Top US doctors take part in first briefing of Russian COVID-19 vaccine

Phase III clinical trials are still ongoing, which are expected to be published in October or November.

Coronavirus vaccine under development (illustrative) (photo credit: DADO RUVIC/REUTERS)
Coronavirus vaccine under development (illustrative)
(photo credit: DADO RUVIC/REUTERS)
More than 100 doctors and medical staff from Maimonides Medical Center, a major US hospital at the forefront of the fight against the coronavirus, have expressed a strong interest in a vaccine developed in Russia called Sputnik V, meeting with Russian scientists from the Gamaleya National Research Center of Epidemiology and Microbiology in an online briefing on Tuesday, according to a press release from the group.
The Maimonides Medical Center is a top-ranked US hospital known for treating heart attacks, heart failure and pneumonia, while also taking a leading role in helping coronavirus patients since the outbreak in March 2020. Those who took part in the briefing have an extensive background in aiding COVID-19 patients with treatments. 
The Russian scientists spoke of the vaccine's development in stages and the results of clinical trials, in addition to emphasizing the advantages of the human adenoviral vector platform used in Sputnik V over untested technologies such as the monkey adenoviral vector platform or mRNA technology, the latter of which has not been studied for potential side effects on fertility and cancer risks. 
During the briefing, the scientists also spoke about the administration of the vaccine in a two-shot model using two different human adenoviral vectors, Ad5 and Ad26, for each shot. This makes it different from other vaccines based on only one type of human adenoviral vector in a single-shot model.
While controversy has arisen as to the safety of the Russian vaccine, results of Phase I and Phase II clinical trials of the Sputnik V vaccine were published on September 4 in The Lancet, one of the leading international medical journals, showing no serious adverse effects and a stable immune response in 100% of the subjects.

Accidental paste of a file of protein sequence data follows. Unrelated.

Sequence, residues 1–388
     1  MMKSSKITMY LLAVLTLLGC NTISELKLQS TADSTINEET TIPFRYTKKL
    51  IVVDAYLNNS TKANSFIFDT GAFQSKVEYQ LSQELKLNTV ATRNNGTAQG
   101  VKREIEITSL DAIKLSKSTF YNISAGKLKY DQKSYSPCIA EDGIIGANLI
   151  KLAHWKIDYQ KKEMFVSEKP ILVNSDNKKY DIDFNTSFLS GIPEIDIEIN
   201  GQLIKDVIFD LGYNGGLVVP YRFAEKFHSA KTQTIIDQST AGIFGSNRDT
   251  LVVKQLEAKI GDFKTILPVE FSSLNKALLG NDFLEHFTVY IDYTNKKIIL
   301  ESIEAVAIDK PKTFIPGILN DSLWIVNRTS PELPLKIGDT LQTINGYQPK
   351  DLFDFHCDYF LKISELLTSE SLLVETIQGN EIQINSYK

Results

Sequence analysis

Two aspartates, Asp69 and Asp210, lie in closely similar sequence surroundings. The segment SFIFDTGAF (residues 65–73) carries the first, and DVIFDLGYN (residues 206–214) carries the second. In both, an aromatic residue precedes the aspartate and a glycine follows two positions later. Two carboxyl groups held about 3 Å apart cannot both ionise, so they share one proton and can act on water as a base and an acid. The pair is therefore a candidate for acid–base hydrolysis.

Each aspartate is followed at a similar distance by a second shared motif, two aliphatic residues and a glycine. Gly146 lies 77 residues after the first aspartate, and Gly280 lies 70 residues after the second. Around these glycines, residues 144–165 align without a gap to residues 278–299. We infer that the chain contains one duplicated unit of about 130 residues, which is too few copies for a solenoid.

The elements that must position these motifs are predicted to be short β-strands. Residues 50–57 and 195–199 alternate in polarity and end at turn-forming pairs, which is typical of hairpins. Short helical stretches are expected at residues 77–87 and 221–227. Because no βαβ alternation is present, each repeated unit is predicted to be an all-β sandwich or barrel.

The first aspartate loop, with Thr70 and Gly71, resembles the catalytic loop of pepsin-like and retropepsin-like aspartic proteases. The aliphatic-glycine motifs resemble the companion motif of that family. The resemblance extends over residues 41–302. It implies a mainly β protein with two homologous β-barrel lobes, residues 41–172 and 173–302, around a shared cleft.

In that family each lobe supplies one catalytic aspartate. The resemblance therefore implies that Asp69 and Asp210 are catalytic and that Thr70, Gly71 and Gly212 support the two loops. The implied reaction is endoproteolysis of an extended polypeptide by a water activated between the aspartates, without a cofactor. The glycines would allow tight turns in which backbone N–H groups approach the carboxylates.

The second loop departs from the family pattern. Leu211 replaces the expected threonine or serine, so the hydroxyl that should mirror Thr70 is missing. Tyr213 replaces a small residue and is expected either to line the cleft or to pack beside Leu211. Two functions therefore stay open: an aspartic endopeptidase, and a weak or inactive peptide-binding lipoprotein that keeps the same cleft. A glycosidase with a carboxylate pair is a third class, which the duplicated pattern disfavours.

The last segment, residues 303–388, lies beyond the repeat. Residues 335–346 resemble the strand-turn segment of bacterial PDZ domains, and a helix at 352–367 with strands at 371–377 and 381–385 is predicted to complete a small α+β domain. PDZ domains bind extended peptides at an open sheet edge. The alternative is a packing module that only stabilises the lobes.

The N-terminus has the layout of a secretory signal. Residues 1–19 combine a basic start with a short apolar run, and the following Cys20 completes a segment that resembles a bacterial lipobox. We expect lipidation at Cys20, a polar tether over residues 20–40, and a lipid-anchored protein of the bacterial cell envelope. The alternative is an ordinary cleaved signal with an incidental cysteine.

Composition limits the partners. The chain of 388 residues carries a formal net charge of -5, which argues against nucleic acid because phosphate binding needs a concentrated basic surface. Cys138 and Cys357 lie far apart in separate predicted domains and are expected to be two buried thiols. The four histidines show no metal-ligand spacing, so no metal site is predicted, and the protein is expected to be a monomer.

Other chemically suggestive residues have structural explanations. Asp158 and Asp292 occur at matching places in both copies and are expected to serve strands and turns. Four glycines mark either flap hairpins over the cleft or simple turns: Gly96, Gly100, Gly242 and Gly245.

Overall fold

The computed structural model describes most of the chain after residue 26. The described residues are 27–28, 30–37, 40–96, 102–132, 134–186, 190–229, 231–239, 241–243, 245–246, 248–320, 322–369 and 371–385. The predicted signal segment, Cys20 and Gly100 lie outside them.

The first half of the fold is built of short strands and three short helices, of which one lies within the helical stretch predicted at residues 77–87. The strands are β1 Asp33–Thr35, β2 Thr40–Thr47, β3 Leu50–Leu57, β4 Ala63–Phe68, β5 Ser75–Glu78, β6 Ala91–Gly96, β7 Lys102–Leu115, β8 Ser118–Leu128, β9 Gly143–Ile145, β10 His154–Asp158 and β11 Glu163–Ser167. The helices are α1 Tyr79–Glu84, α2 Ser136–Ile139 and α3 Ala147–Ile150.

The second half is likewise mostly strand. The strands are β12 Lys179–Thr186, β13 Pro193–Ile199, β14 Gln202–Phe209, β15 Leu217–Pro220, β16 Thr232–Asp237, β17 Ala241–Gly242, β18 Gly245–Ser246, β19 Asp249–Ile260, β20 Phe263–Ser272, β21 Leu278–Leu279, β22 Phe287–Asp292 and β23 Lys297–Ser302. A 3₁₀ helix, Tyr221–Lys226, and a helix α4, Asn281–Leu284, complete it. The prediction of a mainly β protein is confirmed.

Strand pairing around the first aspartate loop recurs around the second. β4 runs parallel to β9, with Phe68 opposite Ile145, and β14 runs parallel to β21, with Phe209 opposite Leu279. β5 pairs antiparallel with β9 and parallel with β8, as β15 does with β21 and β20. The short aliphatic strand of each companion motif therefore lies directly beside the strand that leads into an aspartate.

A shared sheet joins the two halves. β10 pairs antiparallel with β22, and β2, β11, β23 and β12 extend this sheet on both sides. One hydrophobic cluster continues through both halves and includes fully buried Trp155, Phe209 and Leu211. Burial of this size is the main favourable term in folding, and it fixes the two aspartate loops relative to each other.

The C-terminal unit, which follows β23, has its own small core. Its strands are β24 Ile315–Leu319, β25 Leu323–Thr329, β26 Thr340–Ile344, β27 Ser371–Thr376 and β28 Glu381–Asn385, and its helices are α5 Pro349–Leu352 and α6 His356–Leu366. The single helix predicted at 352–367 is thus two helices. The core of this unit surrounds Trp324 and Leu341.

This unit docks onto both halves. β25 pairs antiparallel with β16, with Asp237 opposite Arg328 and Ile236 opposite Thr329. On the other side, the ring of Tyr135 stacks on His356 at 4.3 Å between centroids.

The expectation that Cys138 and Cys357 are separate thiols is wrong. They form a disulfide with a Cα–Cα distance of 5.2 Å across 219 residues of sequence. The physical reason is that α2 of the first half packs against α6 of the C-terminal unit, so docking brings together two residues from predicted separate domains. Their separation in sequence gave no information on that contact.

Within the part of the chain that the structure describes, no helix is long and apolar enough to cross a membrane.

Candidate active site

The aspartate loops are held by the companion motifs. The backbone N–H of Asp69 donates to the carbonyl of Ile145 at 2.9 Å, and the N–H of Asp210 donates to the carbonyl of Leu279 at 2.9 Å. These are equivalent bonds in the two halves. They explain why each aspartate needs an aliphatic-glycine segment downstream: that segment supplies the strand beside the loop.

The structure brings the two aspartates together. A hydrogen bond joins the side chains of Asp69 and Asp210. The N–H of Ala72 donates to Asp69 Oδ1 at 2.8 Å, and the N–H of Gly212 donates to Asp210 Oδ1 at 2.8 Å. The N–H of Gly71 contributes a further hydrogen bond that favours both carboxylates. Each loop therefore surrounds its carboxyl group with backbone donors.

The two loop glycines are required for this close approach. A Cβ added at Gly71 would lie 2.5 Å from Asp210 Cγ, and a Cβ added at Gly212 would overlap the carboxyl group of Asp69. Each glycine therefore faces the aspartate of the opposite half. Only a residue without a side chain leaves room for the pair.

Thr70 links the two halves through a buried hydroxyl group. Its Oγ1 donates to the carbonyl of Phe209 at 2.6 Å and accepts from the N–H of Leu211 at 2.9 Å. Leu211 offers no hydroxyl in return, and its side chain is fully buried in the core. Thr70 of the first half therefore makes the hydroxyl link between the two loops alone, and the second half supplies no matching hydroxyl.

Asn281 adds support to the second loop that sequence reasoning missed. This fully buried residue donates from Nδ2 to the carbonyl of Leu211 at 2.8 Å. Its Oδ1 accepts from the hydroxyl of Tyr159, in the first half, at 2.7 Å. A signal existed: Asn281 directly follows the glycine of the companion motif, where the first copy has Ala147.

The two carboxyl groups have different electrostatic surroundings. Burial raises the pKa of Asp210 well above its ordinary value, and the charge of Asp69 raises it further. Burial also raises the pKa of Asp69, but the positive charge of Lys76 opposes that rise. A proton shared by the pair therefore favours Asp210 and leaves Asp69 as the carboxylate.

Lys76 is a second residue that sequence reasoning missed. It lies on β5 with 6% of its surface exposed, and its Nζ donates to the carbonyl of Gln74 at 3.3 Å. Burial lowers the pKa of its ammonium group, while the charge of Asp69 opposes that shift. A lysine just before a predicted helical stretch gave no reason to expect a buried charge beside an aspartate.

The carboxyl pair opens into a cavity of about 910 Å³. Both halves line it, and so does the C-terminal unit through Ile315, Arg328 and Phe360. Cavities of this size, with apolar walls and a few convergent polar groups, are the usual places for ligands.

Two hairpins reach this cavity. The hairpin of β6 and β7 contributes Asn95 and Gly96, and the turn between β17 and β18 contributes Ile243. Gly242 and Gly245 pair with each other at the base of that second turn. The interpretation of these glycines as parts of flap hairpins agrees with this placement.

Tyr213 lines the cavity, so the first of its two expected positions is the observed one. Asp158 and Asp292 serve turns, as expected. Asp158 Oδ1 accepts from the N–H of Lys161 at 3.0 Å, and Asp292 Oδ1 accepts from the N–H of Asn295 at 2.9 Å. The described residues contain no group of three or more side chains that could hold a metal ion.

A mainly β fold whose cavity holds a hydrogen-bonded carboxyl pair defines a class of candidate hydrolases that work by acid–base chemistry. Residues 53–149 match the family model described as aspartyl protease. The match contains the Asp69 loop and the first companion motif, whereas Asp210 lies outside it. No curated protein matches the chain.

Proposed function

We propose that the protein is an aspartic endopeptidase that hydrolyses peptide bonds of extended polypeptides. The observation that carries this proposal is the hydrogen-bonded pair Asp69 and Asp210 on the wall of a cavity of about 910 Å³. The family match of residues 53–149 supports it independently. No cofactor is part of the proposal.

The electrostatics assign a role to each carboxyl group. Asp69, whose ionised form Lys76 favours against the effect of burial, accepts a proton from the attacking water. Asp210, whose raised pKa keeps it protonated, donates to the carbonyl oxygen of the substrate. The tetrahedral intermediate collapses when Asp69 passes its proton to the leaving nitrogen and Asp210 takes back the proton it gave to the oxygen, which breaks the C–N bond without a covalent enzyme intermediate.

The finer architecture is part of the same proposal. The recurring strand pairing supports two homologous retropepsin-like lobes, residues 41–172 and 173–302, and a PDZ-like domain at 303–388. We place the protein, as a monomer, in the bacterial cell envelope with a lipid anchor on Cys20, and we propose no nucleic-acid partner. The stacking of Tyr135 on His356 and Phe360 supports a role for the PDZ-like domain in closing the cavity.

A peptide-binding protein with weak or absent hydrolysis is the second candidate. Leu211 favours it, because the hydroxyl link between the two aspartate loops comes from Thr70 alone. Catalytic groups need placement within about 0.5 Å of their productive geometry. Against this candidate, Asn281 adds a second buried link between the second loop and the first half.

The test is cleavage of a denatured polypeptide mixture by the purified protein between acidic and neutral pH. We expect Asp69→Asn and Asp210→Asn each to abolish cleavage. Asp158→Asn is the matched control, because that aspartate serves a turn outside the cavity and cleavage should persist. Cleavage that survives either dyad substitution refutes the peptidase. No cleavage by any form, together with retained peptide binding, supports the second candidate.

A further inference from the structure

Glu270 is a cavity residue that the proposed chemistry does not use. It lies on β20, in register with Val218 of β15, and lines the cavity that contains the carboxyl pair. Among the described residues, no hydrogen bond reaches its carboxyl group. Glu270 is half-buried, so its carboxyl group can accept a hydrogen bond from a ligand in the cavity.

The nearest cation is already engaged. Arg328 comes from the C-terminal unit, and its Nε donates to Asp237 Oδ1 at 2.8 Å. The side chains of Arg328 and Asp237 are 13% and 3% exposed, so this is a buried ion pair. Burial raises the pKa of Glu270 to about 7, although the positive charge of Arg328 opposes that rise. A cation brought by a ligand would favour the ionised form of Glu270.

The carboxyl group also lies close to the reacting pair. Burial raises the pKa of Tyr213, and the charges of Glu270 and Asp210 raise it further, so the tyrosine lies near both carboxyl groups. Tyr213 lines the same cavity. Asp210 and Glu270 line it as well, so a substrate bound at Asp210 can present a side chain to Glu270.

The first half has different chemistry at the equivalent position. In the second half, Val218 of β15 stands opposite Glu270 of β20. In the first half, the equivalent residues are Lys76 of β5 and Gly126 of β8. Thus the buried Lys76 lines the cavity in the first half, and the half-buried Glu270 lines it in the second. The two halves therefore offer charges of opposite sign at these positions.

Phase III clinical trials are still ongoing, which are expected to be published in October-November. At the moment, more than 50 countries in Europe, the Middle East and Latin America have applied for the Russian vaccine. 
Dr Jacob Shani, professor of medicine and chairman of the Heart and Vascular Center and the Department of Cardiology at Maimonides Medical Center, said: “We were very excited to hear from the two scientists about the Sputnik V vaccine and were very impressed with the data the Gamaleya Center scientists presented.
We read the publication in The Lancet journal and this publication was also very impressive," he said. "It showed good results of the Phase 1 and 2 trials, including the development of antibodies, cellular immunity and only minimal side effects. It was all very encouraging. 
"On a personal level we were impressed with the Gamaleya scientists. They were very professional, knowledgeable and, most importantly, they appeared to be very transparent. They answered every question without hesitation. If the vaccine performs as the data suggests, you have a very good vaccine on your hands. Obviously, time will tell if the vaccine is effective. So far we know that it produces antibodies, we know that it is safe," he said.
"Now we need to know if it indeed protects from COVID-19. I personally asked the scientists a question if any of the people who were vaccinated got infected and the answer was no. I am very eager to learn about the results when a larger group of people will be vaccinated,” Shani added. 
Dr. Alexander Gintsburg, Head of the Gamaleya National Research Center of Epidemiology and Microbiology, said that “our key mission is to provide timely and detailed information about the Sputnik V vaccine in a transparent manner for all interested parties. We were delighted to share this information with colleagues from Maimonides Medical Center, one of the most respected US medical institutions directly involved in fighting the COVID-19 pandemic. 
"We also appreciated the professional, non-partisan approach by the US doctors, who, just as their Russian colleagues, are tired of the pandemic and would like to see a working, effective and safe vaccine against COVID-19 as soon as possible. We regard international cooperation on the vaccine as key to a decisive victory over COVID-19 and will work towards this goal with our partner, the Russian Direct Investment Fund,” Gintsburg said in a statement.